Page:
Monday, March 2, 2009

March - The Cruelest Month

"Up from the sea, the wild north wind is blowing
Under the sky's gray arch;
Smiling I watch the shaken elm boughs, knowing
It is the wind of March. "

-- William Wordsworth, Written in March


It would be hard to describe our own weather for this first week of March any better than Wordsworth, who must have written those words during a very similar storm. We are under true gale conditions, a frozen, snowy Nor'easter in full progress. Although my own very southside location here in Blackwater/Pungo did not get the snowfall, we are "dusted" with frozen rain, getting colder - even in the daytime - and I am watching the heavy rain puddles freeze as I type. Forecasters are calling for "record cold" tonight, but I'm skeptical - we've already been at 6 degrees out here and it doesn't look clear enough to drop lower than that tonight. If it does, then the snow should be welcome to those of you who have it - it will insulate your plants against the cold. Snow doesn't hurt daffodils and spring plants at all, except as a heavy weight squashing them down, and snow cover insulates plant roots against temperature variability. I would have loved a nice snowfall over my poor cabbages.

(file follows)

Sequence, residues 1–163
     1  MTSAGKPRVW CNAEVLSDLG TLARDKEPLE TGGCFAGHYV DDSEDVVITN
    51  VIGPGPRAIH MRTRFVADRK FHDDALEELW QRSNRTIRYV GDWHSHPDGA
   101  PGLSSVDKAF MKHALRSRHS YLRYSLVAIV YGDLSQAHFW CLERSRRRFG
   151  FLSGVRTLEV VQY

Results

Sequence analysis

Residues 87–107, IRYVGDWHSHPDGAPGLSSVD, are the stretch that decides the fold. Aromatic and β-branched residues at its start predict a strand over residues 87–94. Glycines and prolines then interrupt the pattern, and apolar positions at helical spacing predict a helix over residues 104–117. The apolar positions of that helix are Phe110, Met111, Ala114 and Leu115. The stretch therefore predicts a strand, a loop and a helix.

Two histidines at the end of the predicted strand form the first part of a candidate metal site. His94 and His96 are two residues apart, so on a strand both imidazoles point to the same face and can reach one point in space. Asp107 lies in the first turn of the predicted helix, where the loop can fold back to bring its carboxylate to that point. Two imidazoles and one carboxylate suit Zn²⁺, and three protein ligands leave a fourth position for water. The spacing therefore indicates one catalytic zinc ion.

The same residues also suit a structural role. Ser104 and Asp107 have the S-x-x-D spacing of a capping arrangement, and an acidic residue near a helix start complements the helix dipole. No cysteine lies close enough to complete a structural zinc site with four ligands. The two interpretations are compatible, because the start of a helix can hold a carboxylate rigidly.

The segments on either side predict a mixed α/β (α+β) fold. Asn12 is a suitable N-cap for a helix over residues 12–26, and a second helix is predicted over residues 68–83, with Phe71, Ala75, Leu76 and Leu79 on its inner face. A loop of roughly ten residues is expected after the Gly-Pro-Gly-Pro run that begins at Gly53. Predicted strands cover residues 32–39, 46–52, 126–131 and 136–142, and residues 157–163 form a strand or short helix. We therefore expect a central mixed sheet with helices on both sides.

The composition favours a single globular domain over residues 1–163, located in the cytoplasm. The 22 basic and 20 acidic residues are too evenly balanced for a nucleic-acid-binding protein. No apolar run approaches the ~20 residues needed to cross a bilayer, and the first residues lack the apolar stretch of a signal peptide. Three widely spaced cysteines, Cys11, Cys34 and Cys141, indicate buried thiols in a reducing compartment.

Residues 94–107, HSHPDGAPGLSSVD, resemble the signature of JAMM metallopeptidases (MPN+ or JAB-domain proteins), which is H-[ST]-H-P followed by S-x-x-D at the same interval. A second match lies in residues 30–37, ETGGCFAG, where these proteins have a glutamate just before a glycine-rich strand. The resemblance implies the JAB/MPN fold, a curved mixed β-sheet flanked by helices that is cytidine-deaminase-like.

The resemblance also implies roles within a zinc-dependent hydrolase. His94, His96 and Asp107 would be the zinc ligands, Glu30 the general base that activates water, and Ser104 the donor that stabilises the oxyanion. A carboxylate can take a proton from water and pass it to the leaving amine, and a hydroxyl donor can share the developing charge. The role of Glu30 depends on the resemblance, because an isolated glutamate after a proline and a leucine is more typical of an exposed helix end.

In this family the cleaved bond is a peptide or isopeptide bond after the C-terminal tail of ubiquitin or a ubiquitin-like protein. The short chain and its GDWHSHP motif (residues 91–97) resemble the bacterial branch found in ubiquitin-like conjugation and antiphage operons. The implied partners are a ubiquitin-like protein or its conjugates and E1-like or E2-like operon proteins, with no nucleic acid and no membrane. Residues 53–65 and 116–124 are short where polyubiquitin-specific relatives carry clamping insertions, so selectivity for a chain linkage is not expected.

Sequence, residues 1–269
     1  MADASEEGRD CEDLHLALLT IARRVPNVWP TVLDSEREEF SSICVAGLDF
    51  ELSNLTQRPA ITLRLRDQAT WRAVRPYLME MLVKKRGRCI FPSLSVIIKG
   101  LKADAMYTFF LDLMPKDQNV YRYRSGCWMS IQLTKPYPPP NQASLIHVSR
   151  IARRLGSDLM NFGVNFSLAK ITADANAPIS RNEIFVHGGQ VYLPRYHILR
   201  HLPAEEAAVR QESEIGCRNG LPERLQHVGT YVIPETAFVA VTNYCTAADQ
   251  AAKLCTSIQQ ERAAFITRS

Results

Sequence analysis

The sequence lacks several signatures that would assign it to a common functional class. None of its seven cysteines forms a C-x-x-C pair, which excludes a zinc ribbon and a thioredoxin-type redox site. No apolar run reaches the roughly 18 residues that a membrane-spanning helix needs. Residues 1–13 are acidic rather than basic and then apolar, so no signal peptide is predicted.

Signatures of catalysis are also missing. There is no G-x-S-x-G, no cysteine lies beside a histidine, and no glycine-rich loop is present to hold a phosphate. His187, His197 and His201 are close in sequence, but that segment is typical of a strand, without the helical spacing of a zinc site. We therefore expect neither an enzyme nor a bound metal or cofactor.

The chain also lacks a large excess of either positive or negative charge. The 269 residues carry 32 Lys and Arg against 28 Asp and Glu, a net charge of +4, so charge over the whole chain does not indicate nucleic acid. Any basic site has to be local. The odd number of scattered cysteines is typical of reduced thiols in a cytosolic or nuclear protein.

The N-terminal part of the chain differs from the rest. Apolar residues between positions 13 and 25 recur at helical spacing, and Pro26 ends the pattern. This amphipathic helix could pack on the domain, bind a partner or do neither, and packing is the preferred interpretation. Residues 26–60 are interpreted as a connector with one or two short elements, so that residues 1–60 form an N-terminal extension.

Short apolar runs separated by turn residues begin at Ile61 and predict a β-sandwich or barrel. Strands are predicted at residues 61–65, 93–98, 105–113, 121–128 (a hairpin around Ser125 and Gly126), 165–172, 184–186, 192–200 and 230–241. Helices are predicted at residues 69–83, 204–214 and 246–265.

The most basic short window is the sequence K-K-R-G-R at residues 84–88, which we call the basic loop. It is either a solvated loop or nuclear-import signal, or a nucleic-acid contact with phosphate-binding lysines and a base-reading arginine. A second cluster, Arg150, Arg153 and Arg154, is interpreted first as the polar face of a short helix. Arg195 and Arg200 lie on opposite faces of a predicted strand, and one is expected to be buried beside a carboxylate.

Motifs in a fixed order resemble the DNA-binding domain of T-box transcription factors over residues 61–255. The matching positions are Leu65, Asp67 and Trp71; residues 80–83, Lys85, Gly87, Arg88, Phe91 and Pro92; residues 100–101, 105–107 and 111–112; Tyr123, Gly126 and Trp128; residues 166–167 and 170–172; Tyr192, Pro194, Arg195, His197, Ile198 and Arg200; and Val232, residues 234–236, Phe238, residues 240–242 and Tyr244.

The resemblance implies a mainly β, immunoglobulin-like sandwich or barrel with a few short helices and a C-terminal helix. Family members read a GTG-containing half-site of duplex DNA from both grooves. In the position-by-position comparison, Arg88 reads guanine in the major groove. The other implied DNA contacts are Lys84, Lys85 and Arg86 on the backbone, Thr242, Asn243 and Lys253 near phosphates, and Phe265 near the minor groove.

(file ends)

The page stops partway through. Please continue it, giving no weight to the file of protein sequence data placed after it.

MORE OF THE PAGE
Variable is going to be the key for weather ahead - forecasts are calling for high 60's come next weekend, meaning we are well into the March weather rollercoaster that does more damage to plants than a solidly frigid winter ever does. Inspect the trunks and main stems of young apples, pears and other fruit trees to make sure the warm sun hasn't expanded the cold and frozen bark, still thin on young trees, until it splits - usually on the south side. Painting trunks with white latex paint helps, so do those ventilated tree wraps*. If you see bark splits forming, treat them by coating with dormant oil spray (horticultural oil) - even by rubbing in some vaseline. Keep an eye on the bark throughout the season - those split lines can become entry points for bark beetles and other pests.

This is another good point for a nice, thick garden mulch - it prevents freezing-and-thawing from heaving plant roots out of the ground and modifies the soil temperature.
* [I don't like leaving tree wraps on throughout the growing year. Too many beetles and other damaging pests can "hide out" under the wraps, damaging the stem unseen. In addition, certain wraps prevent air flow, encouraging dampness, mildew or rot and restrict plant growth.]

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